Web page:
Under transparency requirements you must inform individuals upfront which lawful basis you are relying on. If you are relying on legitimate interests as your basis, you must also tell individuals what these legitimate interests are. See the section on what do we need to tell people for further information.

The ability of public authorities to rely on legitimate interests is more limited under the GDPR – for more information see the section on can public authorities use legitimate interests.

What are the key steps to take to prepare for the GDPR?

You must ensure that you bring any processing of personal data already underway into conformity with the GDPR prior to 25 May 2018. As part of this exercise, you need to review your existing processing operations and conditions for processing, and take steps to ensure that you meet the accountability and transparency requirements of the GDPR.

If you were relying on legitimate interests as your condition for processing under the 1998 Act, in many cases you are able to continue to rely on this as your basis for processing under the GDPR.

However you must check whether legitimate interests remains the most suitable basis for your processing. This is your chance to ensure that you have selected the most appropriate basis (or bases). If you find at a later date that the legitimate interests basis was inappropriate, it is difficult to retrospectively swap to a different basis that you did not initially identify as this would lead to breaches of the accountability and transparency provisions.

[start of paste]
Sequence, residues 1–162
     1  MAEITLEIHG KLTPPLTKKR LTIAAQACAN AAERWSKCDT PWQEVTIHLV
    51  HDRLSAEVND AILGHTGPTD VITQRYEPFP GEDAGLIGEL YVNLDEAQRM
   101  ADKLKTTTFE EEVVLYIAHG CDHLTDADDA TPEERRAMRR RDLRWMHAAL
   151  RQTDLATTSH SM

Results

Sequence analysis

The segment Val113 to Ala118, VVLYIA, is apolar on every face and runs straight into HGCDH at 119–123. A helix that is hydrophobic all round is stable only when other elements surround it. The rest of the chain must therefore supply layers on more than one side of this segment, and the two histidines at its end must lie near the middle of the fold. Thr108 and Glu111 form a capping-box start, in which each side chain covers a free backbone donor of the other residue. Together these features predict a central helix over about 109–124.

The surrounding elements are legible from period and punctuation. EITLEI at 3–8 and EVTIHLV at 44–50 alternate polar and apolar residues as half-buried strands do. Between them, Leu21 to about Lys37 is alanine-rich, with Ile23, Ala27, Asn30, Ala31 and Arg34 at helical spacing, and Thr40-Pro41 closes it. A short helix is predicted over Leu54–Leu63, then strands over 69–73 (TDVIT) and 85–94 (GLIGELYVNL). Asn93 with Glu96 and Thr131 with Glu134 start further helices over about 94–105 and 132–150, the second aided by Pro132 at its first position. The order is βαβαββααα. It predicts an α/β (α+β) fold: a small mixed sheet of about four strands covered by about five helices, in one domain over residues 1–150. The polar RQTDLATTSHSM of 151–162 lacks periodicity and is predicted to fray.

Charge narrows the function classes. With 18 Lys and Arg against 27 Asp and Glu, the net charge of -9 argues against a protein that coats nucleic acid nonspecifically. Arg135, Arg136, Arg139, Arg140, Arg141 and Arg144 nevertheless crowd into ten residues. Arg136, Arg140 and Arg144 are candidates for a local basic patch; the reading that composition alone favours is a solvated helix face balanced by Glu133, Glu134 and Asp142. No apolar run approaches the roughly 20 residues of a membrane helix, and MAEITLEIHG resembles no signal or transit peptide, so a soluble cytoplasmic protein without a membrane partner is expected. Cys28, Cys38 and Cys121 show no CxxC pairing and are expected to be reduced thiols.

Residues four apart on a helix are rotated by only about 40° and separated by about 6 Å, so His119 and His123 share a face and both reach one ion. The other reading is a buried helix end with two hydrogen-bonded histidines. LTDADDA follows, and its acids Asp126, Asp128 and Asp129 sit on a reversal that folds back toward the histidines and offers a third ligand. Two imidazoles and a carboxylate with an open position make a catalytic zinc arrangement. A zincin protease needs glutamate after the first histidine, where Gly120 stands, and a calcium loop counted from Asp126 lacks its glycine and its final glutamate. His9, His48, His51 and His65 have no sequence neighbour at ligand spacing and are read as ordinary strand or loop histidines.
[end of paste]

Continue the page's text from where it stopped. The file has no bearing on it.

If you wish to continue relying on legitimate interests, you need to make sure that you can demonstrate that it applies, in line with the approach set out in this guidance.

In order to the meet the accountability requirements you should document your decision and the factors you took into account.

You must also update your privacy information to clearly say that you are relying on legitimate interests as your lawful basis, and say what your legitimate interests are.

Further reading - ICO guidance

Lawful basis for processing

Right to be informed

Can we move to legitimate interests from a different basis under the 1998 Act?

Yes. If you discover that your existing basis (or condition) for processing under the 1998 Act is inappropriate under the GDPR, or you decide that legitimate interests is actually more appropriate, then you can choose to swap to legitimate interests.

If for example you have been processing on the basis of consent but you find that your existing consents do not meet the GDPR standard, and you do not wish to seek fresh GDPR-compliant consent, you may be able to consider legitimate interests instead. However you must be confident that you want to take responsibility for demonstrating that your processing is in line with people’s reasonable expectations and that it wouldn’t have an unjustified impact on them.

You must still ensure that your processing is fair. If you wish to move from consent under the 1998 Act to legitimate interests under the GDPR, you need to ensure that you clearly inform individuals of the change in your privacy notice. To ensure there is no unjustified impact on their rights, you should consider giving them a clear chance to opt out, and retaining any preference controls that were in place.

You also need to inform individuals of their right to object to processing based on legitimate interests (although this is not an absolute right in most cases).